Samples to be used in setting up the data base are selected as follows: samples with varying initial lactic acid values which are obtained by selecting different pieces of meat; samples stored anerobically and subsampled at different times of storage so that different values of lactic acid are present; or a combination of these two procedures.
For this invention, the term "coarsely ground beef" is defined as meaning beef which has been ground to a range of about 9.5 to 19.0 mm diameter die cut or the equivalent. Lactic acid (CH3 CHOHCOOH) includes both D- and L-lactic acid isomers. Lactic acid is present in coarsely ground beef from two sources, as part of the composition of the animal tissue and from production by lactic acid-producing bacteria during anaerobic storage. Such bacteria include species from the genera Lactobacillus, Leuconostoc, Streptococcus, and Brochothrix. As stated above, the prediction method of the invention works whether the lactic acid is from an animal or bacterial source or a combination thereof. Lactic acid forms salts with many metals and may exist in ground beef in the salt form, e.g., sodium, zinc, and calcium salts. The method still works however because during analyses these salts are converted to lactic acid and thus measured.
Methods to measure total lactic acid in coarsely ground beef are known in the art and include enzymatic methods, gas chromatography (GC), and high performance liquid chromatography (HPLC). A detailed description and comparison of GC and HPLC methods for measuring lactic acid in coarsely ground beef is reported by P. S. Nassos et al., Journal of Food Science 49(3): 671-674 (1984) which is hereby incorporated by reference. Where speed of analysis is desired, the HPLC or enzymatic method is preferred as lactic acid can be determined in about one hour versus 12 hours for the GC method.
In the HPLC method, the coarsely ground beef sample is reground to a size of about 5 mm in diameter, homogenized, and filtered. An internal standard, e.g., L-tartaric acid, is added to the filtrate and the filtrate mixed with perchloric acid, and filtered to remove the protein. Prior to injection into the HPLC, the filtrate is filtered through a 4.5 micron membrane filter. Analysis is carried out using a HPLC column suitable for organic acid analysis, such as Aminex HPX-87H ion exclusion column (Bio-Rad Laboratories, Berkeley, CA), ORH-801 organic acid column (Rainin Instrument Co., Woburn, MA), or Alltech organic acid column OA-1000 (Alltech Associates Inc., Deerfield, IL). Lactic acid is calculated from its peak height or area relative to that of the internal standard.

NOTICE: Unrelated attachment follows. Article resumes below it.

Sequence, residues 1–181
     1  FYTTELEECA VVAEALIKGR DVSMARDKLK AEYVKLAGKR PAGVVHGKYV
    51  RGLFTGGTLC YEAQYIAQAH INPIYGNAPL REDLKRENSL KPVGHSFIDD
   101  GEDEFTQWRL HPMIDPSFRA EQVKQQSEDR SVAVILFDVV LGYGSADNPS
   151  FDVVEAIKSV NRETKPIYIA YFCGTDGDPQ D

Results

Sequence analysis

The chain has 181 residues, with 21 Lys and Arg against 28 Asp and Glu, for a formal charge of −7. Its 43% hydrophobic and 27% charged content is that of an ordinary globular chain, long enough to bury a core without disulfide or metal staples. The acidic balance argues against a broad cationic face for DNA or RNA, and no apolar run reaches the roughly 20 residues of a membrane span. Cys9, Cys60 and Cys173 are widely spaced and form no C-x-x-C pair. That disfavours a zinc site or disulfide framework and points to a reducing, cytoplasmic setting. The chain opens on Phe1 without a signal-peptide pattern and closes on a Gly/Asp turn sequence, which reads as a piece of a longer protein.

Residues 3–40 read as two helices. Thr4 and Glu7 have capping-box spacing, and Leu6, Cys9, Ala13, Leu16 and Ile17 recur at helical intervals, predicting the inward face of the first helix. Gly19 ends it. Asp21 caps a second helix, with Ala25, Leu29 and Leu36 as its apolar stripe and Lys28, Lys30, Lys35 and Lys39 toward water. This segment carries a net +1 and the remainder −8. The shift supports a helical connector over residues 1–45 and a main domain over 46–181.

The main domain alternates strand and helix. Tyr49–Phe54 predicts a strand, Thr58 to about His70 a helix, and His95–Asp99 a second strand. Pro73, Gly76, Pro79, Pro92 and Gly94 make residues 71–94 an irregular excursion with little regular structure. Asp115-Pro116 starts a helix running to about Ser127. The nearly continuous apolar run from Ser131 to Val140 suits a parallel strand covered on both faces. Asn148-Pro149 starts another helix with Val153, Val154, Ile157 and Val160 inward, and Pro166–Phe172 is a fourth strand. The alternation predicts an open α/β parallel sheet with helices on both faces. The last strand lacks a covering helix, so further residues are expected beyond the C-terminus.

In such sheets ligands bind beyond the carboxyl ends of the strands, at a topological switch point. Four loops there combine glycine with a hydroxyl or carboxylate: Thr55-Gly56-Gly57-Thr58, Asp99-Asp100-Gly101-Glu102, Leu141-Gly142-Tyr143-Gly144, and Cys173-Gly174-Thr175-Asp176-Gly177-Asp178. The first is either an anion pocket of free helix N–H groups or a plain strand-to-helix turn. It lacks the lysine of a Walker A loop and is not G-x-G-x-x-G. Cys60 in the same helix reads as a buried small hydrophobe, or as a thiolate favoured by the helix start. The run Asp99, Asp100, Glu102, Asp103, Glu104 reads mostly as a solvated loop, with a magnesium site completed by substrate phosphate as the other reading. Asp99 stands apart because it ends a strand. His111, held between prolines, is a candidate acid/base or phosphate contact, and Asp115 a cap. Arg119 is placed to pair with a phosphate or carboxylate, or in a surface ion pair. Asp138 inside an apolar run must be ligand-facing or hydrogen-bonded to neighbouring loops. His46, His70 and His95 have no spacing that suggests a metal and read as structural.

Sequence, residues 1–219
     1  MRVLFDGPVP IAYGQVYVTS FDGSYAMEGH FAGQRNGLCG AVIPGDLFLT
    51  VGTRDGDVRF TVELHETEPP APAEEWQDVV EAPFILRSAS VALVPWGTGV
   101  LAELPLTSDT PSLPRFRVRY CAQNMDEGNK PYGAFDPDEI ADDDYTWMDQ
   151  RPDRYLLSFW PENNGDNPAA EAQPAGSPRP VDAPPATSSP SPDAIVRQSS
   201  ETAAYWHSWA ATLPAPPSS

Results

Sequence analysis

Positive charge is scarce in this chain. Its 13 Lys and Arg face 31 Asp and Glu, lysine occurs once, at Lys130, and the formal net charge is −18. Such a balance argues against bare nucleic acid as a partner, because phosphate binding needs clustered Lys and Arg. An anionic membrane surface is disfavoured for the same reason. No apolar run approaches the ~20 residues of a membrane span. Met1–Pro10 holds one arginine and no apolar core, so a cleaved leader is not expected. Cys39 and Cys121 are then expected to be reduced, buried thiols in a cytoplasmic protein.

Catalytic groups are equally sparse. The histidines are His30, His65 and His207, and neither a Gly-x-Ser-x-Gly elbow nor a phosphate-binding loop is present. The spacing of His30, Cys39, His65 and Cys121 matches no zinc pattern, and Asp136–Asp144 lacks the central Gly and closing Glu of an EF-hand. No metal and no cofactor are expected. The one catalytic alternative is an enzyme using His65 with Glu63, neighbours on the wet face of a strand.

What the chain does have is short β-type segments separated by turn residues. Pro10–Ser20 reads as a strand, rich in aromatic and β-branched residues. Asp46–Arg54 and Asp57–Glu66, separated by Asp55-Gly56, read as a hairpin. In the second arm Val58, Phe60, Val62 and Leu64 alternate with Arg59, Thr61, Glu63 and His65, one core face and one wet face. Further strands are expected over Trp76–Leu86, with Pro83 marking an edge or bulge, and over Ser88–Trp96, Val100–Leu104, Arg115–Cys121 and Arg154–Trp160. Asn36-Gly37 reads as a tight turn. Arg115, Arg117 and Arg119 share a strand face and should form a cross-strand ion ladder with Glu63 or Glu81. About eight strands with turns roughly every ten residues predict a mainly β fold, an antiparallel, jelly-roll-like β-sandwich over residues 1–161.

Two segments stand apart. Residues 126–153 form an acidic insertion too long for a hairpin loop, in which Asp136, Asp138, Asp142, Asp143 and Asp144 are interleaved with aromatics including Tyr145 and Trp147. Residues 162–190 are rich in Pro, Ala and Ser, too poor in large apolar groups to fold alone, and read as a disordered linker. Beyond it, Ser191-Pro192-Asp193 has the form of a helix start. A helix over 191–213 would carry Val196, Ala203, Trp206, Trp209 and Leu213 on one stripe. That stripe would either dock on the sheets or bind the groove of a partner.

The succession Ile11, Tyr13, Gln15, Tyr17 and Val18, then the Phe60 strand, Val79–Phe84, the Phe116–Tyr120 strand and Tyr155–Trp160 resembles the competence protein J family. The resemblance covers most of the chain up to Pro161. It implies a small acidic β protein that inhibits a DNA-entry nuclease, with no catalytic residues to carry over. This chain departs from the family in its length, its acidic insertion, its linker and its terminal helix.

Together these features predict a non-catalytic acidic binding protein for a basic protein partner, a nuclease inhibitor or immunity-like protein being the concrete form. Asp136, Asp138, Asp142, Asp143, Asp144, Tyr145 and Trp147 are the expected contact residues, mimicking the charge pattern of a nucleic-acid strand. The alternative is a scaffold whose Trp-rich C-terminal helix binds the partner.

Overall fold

Step (b). Odor acceptability of the samples of step (a) is measured after regrinding and aerobic storage for the specified conditions of time and temperature. As stated above, usual handling practices for commercial distribution and use (or sale) of ground beef involve storage of the beef for a narrow range of conditions of time and temperature. In most cases, the coarsely ground beef is shipped and stored in anaerobically wrapped chub packs under refrigeration (about 0°-10° C.) up to not more than about 3 weeks and then reground to normal hamburger texture (cutter diameter about 4-6 mm) and held under aerobic conditions with refrigeration (about 0°-10° C.) for short periods (about 1-4 days) until use or sale. In some cases, fresh coarsely ground beef may be distributed. The method of the invention may be used for any storage conditions which include aerobic storage. The critical feature is that the data base be set up to include the conditions under which the test samples will be handled.
Determination of odor acceptability using a sensory panel is described by P. S. Nassos et al., Appl. Environ. Microbiol., supra, p. 895. In this procedure, the sample of coarsely ground beef is presented in glass-stoppered 125-ml Erlenmeyer flasks wrapped in tissue to mask appearance. The odor samples are judged in air-conditioned booths under 7.5-W green bulbs. Sample rating is determined with a standard nine-point hedonic scale (a score of 9, like extremely; a score of 5, neither like nor dislike; and a score of 1, dislike extremely). Panel members are also asked to note whether the meat sample is acceptable or unacceptable. Percent odor acceptability of each sample is obtained from the panel judgments by calculation from the ratio of acceptable scores to the total number of judgments, or by the average hedonic scores. Either value can be used to relate odor acceptability to lactic acid concentration.
Step (c). A graphical representation such as a graph or regression equation which relates the initial values of lactic acid obtained in step (a) with the values for odor acceptability after the specified storage period obtained in step (b) is prepared. In this step, the values for lactic acid of step (a) and the values for odor acceptability of step (b) are related such as by plotting a graph of odor acceptability versus lactic acid concentration or by determining an equation for the regression curve of odor acceptability versus lactic acid concentration.